RE: Asunto: Re: [www-rdf-interest] <none>

I promised myself I'd lurk a while, but as ever I can't resist. Hole
picking welcomed, I'm still on the steep part of the learning curve and
need every bit of help I can get.

Might as well introduce myself while I'm here. I've recently started
trying to use RDF as a layer of a system I'm working on to support the
development and use of environmental simulation models. A lot of people
are working on linking existing models, on uncertainty analysis, and on
tools for QA and auditing the model development process, and more. These
tools are generally uncoupled, and I think RDF provides a good
opportunity for loosely coupled federations of tools.

Naturally this requires that the tools all make (in the areas of
overlap) the same ontological commitments; this is a simple fact of
integrating modelling, I believe, and one that the majority working on
this stuff seem to overlook. Using RDF provides some structure to the
search for a sufficiently general and flexible shared ontology (by which
I mean ontology - structured view of what exists in the world - not
schema) and the tools to encode it (as a schema).

Anyway, back to the issue in hand:

On Wed, 2004-01-14 at 08:36, Victor Lindesay wrote:
> Joshua wrote:
> > True, you can define a mapping, and that is nice to have if you get
> > stuck in the inevitable situation where two different people use
> > different terms to mean the same thing.  But it's even nicer 
> > to just use
> > a term that others are more likely to understand in the first place.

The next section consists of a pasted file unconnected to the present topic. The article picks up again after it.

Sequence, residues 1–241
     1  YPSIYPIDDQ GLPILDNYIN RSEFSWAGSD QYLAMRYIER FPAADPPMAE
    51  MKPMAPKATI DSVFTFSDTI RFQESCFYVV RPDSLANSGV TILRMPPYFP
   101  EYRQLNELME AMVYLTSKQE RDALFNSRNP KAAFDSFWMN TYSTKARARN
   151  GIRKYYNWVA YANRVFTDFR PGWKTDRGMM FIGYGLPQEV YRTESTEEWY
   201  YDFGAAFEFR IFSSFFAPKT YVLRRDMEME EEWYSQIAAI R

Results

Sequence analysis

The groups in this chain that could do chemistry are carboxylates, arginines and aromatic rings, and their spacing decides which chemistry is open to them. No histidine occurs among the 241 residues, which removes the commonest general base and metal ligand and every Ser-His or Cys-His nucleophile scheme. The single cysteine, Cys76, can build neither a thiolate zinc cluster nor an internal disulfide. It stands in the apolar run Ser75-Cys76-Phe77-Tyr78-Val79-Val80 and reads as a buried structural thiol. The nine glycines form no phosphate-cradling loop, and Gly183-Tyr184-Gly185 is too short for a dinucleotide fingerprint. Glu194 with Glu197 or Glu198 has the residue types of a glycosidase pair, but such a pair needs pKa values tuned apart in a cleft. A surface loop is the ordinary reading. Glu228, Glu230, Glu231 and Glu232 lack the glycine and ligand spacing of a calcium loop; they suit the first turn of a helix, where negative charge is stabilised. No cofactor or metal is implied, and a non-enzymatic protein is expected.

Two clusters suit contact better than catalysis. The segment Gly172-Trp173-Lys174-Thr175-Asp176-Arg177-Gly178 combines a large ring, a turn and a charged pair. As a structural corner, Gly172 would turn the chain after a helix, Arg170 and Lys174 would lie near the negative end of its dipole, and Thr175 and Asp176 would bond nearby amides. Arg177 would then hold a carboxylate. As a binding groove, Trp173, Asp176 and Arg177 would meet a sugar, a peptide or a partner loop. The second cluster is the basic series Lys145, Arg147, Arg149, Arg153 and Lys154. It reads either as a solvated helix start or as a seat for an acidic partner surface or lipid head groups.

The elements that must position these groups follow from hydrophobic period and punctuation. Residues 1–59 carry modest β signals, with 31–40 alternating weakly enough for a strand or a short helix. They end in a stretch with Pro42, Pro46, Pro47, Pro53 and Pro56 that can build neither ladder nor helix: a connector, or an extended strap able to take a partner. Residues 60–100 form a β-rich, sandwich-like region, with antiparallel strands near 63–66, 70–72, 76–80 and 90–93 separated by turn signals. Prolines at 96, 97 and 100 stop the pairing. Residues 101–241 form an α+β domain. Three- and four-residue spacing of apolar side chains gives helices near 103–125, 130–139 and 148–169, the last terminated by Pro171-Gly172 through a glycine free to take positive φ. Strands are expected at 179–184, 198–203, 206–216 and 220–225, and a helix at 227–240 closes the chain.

> > IOW, the ability to map between terms is a feature to be resilient in
> > the face of antisocial vocabularies rather than an excuse to be
> > antisocial.
> Can we stop using the term anti-social in this context please? It's RDF
> software which has to deal with this and software doesn't give a damn.
> I suppose using the same argument it's anti-social that people speak
> different languages and don't all speak and understand English!

To willfully coin new terms which are simply aliases is surely not the
same as speaking a different language. 

If two communities develop overlapping vocabularies in parallel (and,
like languages, they are unlikely to be isomorphic, and there will be
things which can be said in one but not the other and vice versa) then
the tools which OWL provides for declaring that two terms identify the
same resource (or sit in some more complex relationship) are an
invaluable aid to progress.

Creating a new vocabulary when what you want to say can be well
expressed in an existing one is more akin to getting together with your
neighbours and agreeing to develop and speak your own language. Or
perhaps, in less of a fantasy situation, like working with colleagues in
a new branch of sience, building a world view and a language as you go.

To walk up to someone in the street and try to communicate with them in
a language of your own invention is certainly weird, and could in some
circumstances be regarded as anti-social, but I'd hesitate to use
"anti-social" in this context. There are reasons to ignore existing
vocabularies, particularly in a world where the available languages are
at such an early stage of development. 

It nonetheless seems quite obvious to me (as a newcomer, and certainly
not an expert, so called or otherwise) that if everyone makes every
effort to use existing vocabularies *when they are capable of expressing
what needs to be expressed* the world will be a better place for it. If
everyone rolls there own, we'll need as much OWL floating around
describing aliases as there is data in the first place.

> Can we have a more 'joined up' thinking on this please?

I can't see that there is a break in the thinking. Aliases are a fact of
life, and so the OWL tools are essential, but they shouldn't be
generated willfully, and it would save a lot of time in the long run if
people spend a little time in the near term checking what exists before
creating new vocabularies. Isn't that why SchemaWeb exists?


Received on Wednesday, 14 January 2004 06:11:35 UTC